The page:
A Look At Whether This Year's Mail-In Voting Habits Will Stick
AILSA CHANG, HOST:
Despite President Trump's claims to the contrary, experts say the 2020 election was a feat of democracy; the highest turnout election in more than 100 years during a pandemic. States across the country expanded their voting options this year, which means they'll have to decide which of those options to keep going forward. Joining us now to talk about that is NPR's Miles Parks, who covers voting. Hey, Miles.
MILES PARKS, BYLINE: Hi there.
CHANG: So now that we've had a couple weeks' distance, I mean, how dramatically would you say voting changed this year to accommodate the pandemic?
PARKS: It changed a lot. You know, there were only five states across the country that didn't do anything to make voting easier as a result of the pandemic. You know, between mail voting and early voting, estimates at this point are that around 100 million voters voted before Election Day, which will probably be around 60% of the total votes cast. That's way up from the 40% it was in 2016.
CHANG: Right. I mean, overall, there was a historic turnout. Almost 160 million people voted overall this year. Do you think these changes will stay in place for future elections?
PARKS: It's the big question that no one knows the answer to at this point. You know, voting rules are determined at the state level. So it's going to be kind of interesting to watch all of these individual statehouses debate, you know, how many of the changes to keep going forward. I'll say this much - election experts that I've talked to say it's really hard to give voters an option to make voting easier and then take it away. I talked to Jennifer Morrell, who's an elections consultant and a former local election official.
JENNIFER MORRELL: Voters, people in general, have busy lives, they work different schedules. I think suddenly when you give them the opportunity to vote in a way that is convenient, I think they do want to see that become the status quo.
PARKS: Morrell actually has experience with just this situation. When she was a local administrator in Utah, they offered an all-mail option for just a single special election. And then when they didn't do it for the next election, she got a bunch of calls at her office from voters.
MORRELL: You mailed me a ballot over the summer. Why didn't I get one now? And there were enough calls that we took note, meaning it, you know, wasn't just a couple; it seemed to be pretty regular.
PARKS: Just a few years later, the entire state of Utah is now an all-mail ballot state, for what it's worth.
CHANG: (Laughter) Interesting. Well, you know, usually Democrats are the ones who are in favor of expanding access to different voting options. How are Republicans feeling about all these changes?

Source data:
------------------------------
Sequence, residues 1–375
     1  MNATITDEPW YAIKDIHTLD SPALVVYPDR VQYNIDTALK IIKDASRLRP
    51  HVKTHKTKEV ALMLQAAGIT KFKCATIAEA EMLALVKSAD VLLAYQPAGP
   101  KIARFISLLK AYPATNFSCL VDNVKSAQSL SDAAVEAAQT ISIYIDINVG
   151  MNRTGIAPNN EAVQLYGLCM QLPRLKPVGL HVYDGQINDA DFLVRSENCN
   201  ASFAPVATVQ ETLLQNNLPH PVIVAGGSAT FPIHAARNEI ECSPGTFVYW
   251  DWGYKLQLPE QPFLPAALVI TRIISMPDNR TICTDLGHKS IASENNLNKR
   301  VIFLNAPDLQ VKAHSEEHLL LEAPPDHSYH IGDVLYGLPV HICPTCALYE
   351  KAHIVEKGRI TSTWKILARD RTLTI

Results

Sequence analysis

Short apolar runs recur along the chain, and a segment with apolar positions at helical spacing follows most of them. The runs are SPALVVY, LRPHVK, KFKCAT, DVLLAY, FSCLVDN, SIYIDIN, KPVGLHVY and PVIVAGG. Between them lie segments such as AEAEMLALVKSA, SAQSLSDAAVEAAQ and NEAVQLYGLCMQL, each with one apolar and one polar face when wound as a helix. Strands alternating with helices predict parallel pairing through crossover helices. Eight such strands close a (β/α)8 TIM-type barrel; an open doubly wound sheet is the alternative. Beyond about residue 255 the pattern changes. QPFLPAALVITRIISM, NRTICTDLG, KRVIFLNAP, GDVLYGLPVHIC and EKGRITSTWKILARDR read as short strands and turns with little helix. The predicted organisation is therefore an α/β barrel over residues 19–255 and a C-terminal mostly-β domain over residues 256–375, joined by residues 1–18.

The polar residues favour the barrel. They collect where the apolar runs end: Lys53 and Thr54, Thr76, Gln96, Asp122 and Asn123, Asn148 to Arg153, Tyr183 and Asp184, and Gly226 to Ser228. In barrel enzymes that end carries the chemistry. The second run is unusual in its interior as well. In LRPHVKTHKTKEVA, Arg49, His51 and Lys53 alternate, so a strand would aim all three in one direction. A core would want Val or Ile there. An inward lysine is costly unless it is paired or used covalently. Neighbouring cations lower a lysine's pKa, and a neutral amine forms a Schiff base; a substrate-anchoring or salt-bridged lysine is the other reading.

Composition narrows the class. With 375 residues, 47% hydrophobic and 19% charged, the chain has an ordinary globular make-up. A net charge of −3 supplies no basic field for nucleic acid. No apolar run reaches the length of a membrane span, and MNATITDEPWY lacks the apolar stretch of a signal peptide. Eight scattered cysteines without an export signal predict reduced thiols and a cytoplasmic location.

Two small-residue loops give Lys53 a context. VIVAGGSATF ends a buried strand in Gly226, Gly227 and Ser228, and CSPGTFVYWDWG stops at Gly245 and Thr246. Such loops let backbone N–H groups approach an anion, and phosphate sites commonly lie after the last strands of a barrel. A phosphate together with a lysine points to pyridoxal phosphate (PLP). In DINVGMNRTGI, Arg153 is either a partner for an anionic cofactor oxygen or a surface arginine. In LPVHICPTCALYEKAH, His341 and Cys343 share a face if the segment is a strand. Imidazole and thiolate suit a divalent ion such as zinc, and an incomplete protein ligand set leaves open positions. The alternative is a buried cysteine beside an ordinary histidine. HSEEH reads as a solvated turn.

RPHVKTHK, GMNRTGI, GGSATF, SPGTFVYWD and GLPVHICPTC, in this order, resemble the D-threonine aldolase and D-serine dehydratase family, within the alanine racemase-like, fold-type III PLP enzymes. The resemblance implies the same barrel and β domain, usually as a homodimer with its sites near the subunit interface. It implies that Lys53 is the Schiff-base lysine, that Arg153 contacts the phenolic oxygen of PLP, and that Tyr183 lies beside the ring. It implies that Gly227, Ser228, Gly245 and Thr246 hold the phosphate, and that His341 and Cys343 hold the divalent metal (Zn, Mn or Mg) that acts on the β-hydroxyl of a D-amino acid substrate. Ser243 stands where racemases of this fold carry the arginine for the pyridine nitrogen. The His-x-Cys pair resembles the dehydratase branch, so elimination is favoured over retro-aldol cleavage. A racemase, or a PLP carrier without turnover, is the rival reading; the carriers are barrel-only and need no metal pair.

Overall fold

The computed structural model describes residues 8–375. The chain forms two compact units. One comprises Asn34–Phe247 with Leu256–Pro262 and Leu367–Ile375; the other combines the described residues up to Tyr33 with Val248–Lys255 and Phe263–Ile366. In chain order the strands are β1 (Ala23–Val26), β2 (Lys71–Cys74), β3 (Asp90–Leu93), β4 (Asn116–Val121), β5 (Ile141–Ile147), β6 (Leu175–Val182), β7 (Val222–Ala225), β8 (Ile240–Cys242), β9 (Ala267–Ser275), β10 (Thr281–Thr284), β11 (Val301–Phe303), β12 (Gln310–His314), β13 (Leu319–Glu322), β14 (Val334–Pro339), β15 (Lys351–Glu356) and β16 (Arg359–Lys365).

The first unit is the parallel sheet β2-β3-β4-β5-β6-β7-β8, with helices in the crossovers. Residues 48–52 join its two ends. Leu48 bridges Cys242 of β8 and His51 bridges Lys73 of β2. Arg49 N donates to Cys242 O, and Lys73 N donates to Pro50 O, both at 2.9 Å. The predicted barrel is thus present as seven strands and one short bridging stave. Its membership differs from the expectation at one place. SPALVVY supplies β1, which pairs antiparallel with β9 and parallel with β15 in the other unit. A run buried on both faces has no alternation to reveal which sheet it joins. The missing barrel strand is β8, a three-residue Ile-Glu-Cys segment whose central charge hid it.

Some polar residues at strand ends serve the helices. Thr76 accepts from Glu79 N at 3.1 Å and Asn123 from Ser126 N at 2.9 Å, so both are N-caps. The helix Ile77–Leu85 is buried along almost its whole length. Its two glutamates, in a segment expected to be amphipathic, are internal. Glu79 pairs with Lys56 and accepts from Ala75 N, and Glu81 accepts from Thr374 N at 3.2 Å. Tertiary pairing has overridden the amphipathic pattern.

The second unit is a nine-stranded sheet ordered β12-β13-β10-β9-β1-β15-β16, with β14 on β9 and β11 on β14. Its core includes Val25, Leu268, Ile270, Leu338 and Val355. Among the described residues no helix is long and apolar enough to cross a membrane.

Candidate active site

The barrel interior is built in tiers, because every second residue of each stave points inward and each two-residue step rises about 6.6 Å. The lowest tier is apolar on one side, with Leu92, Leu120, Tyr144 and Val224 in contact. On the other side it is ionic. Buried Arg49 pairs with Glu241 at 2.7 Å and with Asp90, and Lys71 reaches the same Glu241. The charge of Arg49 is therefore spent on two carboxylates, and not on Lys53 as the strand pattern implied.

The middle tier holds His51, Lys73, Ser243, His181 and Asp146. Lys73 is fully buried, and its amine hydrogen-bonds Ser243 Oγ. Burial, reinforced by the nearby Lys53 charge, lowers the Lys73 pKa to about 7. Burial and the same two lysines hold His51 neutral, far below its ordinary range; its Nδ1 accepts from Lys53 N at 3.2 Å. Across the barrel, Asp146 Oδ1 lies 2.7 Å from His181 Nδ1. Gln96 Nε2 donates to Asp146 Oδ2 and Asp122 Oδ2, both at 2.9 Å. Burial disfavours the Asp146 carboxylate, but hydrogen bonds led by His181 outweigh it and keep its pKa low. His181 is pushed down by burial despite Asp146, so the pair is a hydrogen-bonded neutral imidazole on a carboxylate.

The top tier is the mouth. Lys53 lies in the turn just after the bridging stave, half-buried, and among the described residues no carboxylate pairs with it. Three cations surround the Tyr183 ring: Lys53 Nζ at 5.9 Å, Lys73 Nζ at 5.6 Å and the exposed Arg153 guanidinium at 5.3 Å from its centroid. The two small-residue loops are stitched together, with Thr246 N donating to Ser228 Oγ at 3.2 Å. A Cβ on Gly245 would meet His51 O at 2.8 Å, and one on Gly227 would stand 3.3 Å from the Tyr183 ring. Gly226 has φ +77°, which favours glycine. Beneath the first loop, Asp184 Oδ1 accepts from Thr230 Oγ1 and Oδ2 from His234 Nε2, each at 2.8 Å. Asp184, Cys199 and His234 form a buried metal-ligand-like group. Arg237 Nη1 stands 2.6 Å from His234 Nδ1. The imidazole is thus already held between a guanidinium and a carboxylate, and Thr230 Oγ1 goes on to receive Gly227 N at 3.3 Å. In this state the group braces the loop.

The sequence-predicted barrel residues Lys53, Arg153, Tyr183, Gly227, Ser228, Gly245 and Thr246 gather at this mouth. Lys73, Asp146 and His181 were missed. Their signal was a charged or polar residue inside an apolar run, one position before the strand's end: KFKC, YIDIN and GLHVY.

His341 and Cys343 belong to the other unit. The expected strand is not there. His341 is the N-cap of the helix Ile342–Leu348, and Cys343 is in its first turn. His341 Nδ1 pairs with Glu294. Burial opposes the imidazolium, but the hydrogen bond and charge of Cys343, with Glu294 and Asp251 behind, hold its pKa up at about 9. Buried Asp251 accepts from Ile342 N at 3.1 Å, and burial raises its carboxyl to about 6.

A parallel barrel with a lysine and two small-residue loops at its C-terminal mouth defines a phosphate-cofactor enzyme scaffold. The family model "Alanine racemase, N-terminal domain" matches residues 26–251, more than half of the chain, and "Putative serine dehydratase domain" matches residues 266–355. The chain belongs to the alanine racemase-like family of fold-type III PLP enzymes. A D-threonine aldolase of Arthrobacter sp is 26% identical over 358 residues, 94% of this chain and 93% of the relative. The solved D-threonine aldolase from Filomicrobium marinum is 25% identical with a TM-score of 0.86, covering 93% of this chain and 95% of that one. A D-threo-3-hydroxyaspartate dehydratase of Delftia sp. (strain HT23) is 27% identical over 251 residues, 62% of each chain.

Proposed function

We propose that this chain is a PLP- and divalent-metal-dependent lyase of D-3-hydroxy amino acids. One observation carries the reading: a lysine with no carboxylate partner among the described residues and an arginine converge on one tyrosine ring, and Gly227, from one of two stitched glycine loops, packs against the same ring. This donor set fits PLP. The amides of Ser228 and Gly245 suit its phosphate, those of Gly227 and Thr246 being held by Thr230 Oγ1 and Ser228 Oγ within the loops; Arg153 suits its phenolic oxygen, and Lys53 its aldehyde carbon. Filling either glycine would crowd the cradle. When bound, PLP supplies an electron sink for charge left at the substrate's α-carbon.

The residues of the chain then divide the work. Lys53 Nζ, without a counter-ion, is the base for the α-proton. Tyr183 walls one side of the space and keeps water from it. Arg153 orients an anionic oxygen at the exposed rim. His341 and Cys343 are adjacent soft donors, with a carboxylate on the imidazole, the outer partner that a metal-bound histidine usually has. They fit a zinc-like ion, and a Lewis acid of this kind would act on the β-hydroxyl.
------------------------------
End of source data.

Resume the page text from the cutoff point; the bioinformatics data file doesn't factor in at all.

PARKS: It's hard to tell since so much of the oxygen so far has been taken up by President Trump's false claims about voting. But honestly, those two things aren't completely disconnected. Morrell told me she's really worried that this constant false fraud narrative that the Trump campaign is pushing could affect whether Republicans in state governments are willing to allow more vote-by-mail next year, for instance.
I talked to Representative Rodney Davis, who's the ranking Republican on the House Administration Committee that's tasked with voting issues in Congress. And he feels a lot of the changes that happened this year were aimed at helping Democrats under the guise of pandemic response.
RODNEY DAVID: We saw COVID being used in certain states really to politicize the election process and nuclearize procedures that were used for a partisan gain.
PARKS: He's OK with voters requesting absentee ballots, but he doesn't want states mailing ballots to all registered voters. It's very possible other Republicans nationwide take a similar stance.
CHANG: Well, how much do you think a Biden presidency will affect changes to voting going forward?
PARKS: I talked to Senator Amy Klobuchar about that this week and asked her exactly that. And overall, she said the same thing as Morrell. Here she is.
AMY KLOBUCHAR: We've seen a huge transformation toward mail-in voting, and a lot of people aren't going to want to give up that convenience even when there's not a pandemic.
PARKS: The bottom line here is just how much access are Republicans nationwide going to allow, and how much is President Trump's rhetoric going to affect that answer?
CHANG: That is NPR's Miles Parks. Thank you, Miles.
PARKS: Thank you.
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